Working in this way could pose a challenge to modern social workers though, as Dr Jerry Tew, a reader in social work and mental health at the University of Birmingham points out.
“There is such a pressure on social workers these days to jump into solutions quickly and that can be damaging in terms of coming up with something that’s going to work,” he says.
“If open dialogue is going to work in the UK, then we have to allow social workers space to think, have dialogue and reach an understanding that comes from the service user and their network.”
But as local authorities and NHS mental health trusts continue to see budgets cut, how likely is it that social workers will be given the space to explore the model?
“I think we have to recognise that there are parts of the social work profession that are burnt out, tired and are meeting pretty impossible targets and expectations,” says Tew.
“Even if you dangled the most fantastic opportunity for change in front of their noses, they might not have the headspace to see how they can translate their service into it.”
There is a ‘surprising wind of change blowing’ though, he adds, as open dialogue is being looked at by the Department of Health in their work around revitalising adult social work, and is also due to be incorporated in mental health social work training scheme, Think Ahead.
“I don’t think open dialogue is the only show in town but the trusts who are talking about the model are pretty open to seeing the importance of social work within it,” says Tew.
“The role of social workers themselves is still to emerge to some extent but I don’t see anything about open dialogue that challenges what I would see as good social work practice.”
Two elements that have been integral to the success of the model in Finland, where open dialogue is now the standard psychiatric service, are continuity and crisis response. The professional who takes an individual’s call or referral has to respond within 24 hours and will also be responsible for arranging the first family network meeting.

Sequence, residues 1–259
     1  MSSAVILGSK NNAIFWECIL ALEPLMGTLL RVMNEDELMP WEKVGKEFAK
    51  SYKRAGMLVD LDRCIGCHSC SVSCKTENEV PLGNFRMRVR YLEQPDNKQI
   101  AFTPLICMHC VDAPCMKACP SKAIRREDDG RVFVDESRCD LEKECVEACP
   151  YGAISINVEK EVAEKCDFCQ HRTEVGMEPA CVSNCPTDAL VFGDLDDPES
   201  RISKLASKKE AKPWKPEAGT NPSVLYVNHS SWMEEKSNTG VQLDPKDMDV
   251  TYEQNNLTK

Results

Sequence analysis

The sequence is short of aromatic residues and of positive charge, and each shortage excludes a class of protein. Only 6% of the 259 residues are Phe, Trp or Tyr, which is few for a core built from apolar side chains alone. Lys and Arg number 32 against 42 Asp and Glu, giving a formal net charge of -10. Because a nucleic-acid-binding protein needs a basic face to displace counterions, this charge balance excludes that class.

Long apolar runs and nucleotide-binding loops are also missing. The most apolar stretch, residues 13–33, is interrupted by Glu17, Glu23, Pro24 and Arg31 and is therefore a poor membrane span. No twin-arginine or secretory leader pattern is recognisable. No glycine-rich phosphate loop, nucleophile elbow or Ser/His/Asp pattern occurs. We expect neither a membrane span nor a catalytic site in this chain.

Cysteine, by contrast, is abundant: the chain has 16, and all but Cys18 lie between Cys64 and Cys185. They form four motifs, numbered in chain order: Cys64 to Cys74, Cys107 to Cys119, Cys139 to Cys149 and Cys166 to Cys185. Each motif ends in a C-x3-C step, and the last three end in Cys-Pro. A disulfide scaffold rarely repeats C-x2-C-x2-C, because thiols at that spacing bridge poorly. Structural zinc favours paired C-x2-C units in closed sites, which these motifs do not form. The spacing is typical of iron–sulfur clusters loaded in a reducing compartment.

“If you can get in and respond that quickly, you are likely to be dealing with a person within a family or social context that hasn’t disintegrated completely, so that speaks volumes in terms of logic,” says Tew.
“I don’t know exactly how that would be translated into open dialogue pilots in this country, but obviously whatever the arrangements there will be a strong principle of continuity.”
In Ishaq’s service, the team are currently setting up a single point of access system, which they will target at people who are coming into mental health services for the first time.
“It would be lovely if we could pick them up within 24 hours but whether we can do that or not is still unclear,” she says. “But because we’re working in small teams of three or four, there will be a continuity of practitioners in terms of arranging and leading the network meetings.”
One of those core professionals is likely to be a care coordinator, but the team are not ruling out bringing in other practitioners as and when they are required to meet the individual’s needs.
“This is a new way of thinking and feeling but it allows the richness of views to come in – whether they come from a support worker or medical director,” says Ishaq.
“It’s hard to tell whether that could develop more broadly because of the wider system we’re part of, but it does allow for voices to be heard.”
Sense of vision
The open dialogue pilot teams, which are also operating in Nottingham and North Essex, are now starting to work with families and are optimistic that this model is going to make a real difference.
“It’s still early days but this is potentially a much more rewarding way of working because you are working in greater depth relationally with that individual and their network,” says Ishaq.
“As a social worker, I think my role is to sometimes come into people’s lives, help them look at what’s happening and find solutions, but not necessarily to do that for them – open dialogue allows me to fulfil that role.”